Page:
How Long Does Taxidermy Last on Average?

Taxidermy trophy mounts are so much more than home decor. They represent countless hours of outdoor scouting, skill, and memories. You can extend the life of your taxidermy through proper care.

Taxidermy lasts for 20 years on average if not maintained. However, if it is maintained properly, it can remain in pristine condition for 50 years or more. Factors that reduce the life of taxidermy include extreme temperatures, humidity, exposure to light, bugs, and human touch.

As a taxidermy owner, it is important to understand how to create optimal conditions for your animal display and how to protect your investment.

What Happens to Taxidermy Over Time

The outer surface of a taxidermy mount is made of organic material so naturally, this part of the mount will start to deteriorate over time. The purpose of taxidermy is to preserve those organic materials, but if a taxidermy mount is left uncared for, it will show dramatic deterioration in about 20 years or less.

Some of the common signs of deterioration are hair or fur shedding, sagging/drooping, fading or bleaching, fragility, brittle texture, visible molded form, and loss of detail.

Some taxidermy animals may not last as long as others. Birds and fowl, for example, have very small bones and other features that could easily be damaged and start to droop over time. Animals like rabbits and snakes have very thin skin that could easily crack or tear after a few years if not cared for properly. (Source)

This being said, all taxidermy has the potential to last decades if the taxidermist did a quality job and the owner did proper maintenance and care over the years.

Optimal Conditions For Taxidermy

It is important to display your taxidermy mount in a location that will preserve its life. Experts recommend considering the following factors before deciding where to place your mount:

  • Keep your taxidermy in a temperature-controlled location (between 60 and 80 degrees Fahrenheit is recommended). Your home probably stays in this temperature range, but a cabin that you only visit a few times a year might present a less than ideal environment. A mount hung near or above a fireplace or other heat sources might not last as long.
  • Humidity levels should not exceed 60 percent. If you live in a very humid place, you might want to invest in a dehumidifier.
  • Choose a spot where your taxidermy will be out of direct sunlight. Sunlight will quickly fade or bleach the color. 50-100 LUX is the recommended light exposure range.
  • Some display areas might be more susceptible to bugs and other animals (like a garage or a shop). Your mount will last longer if stored indoors.
  • Do not let anyone touch your taxidermy mounts. The oils can make hair or fur shed and fall out.
  • Keep taxidermy out the reach of pets as they might be attracted to the look or smell of the animal display. Kids can also damage taxidermy and could pull out hair or feathers.
  • If you smoke in your home, your trophy mounts will likely collect a thin film of soot, which will make your animals look dull and lifeless. Soot cannot be easily cleaned off like dust.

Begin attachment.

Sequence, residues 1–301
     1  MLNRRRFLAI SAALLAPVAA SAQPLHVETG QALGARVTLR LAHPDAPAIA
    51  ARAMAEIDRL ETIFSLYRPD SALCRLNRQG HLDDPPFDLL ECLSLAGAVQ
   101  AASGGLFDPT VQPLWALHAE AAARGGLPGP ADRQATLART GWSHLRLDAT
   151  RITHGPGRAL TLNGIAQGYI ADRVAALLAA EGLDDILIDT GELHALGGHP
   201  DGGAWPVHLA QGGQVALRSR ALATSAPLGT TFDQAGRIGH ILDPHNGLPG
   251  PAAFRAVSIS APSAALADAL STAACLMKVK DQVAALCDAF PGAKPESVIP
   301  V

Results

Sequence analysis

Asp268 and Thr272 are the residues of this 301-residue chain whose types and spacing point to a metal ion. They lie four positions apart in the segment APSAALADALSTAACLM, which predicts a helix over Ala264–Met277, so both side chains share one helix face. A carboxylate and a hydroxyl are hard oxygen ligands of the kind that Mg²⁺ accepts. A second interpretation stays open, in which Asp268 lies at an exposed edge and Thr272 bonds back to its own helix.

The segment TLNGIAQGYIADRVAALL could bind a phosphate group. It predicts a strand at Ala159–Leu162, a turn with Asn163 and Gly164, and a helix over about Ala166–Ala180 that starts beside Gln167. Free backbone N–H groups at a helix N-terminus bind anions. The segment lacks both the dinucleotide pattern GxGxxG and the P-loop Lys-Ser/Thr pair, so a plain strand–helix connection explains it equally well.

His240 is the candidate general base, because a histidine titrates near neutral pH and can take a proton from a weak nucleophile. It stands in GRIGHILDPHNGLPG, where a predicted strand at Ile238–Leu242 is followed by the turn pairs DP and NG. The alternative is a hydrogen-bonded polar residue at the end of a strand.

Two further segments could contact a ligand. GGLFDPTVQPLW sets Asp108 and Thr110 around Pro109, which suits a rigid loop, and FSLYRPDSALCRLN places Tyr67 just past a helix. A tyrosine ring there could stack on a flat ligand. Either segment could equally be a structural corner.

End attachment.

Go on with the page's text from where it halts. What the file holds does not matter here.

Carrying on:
• If possible, protect your taxidermy with a glass display case (this will help ensure all of the above recommendations are done).

Caring for Taxidermy

A taxidermied animal is not something you can just hang on the wall and forget about. You have to take care of it so it lasts as long as possible.

Pre-Taxidermy Care

The life of your taxidermy piece begins as soon as you make the kill in a hunt. If you bring your taxidermist a damaged animal skin, it will not look as good after being taxidermied or last as long.

Never cut the animal’s throat. This is not the proper way to kill an animal and will not look nice when mounted. If possible, avoid dragging the animal — this could result in bare spots and tears in the skin. If you are caping and skinning the deer yourself, make sure to leave the skin long enough (well behind the front legs). When transporting the hide, don’t leave it rolled up, and keep it as clean and dry as you can.

Regular Taxidermy Maintenance

Dusting at least once a month is a key to preserving taxidermy. A clean feather duster works fine, but to avoid any friction on the surface of the animal, you can use a hairdryer. Set the hair dryer to the lowest heat and power settings to gently blow away any debris and dust.

Never use any household cleaning products or water on the piece. Ask your taxidermist to apply a dust shield spray to your mount which will make dusting it much easier.

If for some reason you need to do a deeper cleaning, use a clean, dry, or slightly damp cotton ball. Lightly brush in the direction of the grain of fur, hair, or feathers. Get a new cotton ball once dirt is visible on the cotton ball.

A damp cloth can be used to shine the eyes and dry areas like antlers. Use a Q-tip to apply a small amount of petroleum jelly around the eyes and on the nose. This will keep these areas from drying out and bring a life-like shine.

Restoring Taxidermy

Taxidermy that is already in poor shape may need more help than a light cleaning. Consider taking the piece to a taxidermist for restoration. They would be able to reattach broken parts, touch up paint (like the lips or nose), and clean heavy dust, all of which require special tools and expertise.


Treat your taxidermy pieces as if they were original artwork because they are! Taxidermy is the purest form of natural history and each animal tells a story. Each taxidermy mount is one of a kind, and once it is damaged, it will never look the same.

It is important that you care for the animal immediately after harvesting it and while it is on display. This allows you to preserve the beauty of its life, and the excitement of your hunt for many years. Take the time now to maintain your trophy mounts and you are sure to be telling tales of your adventures for decades to come.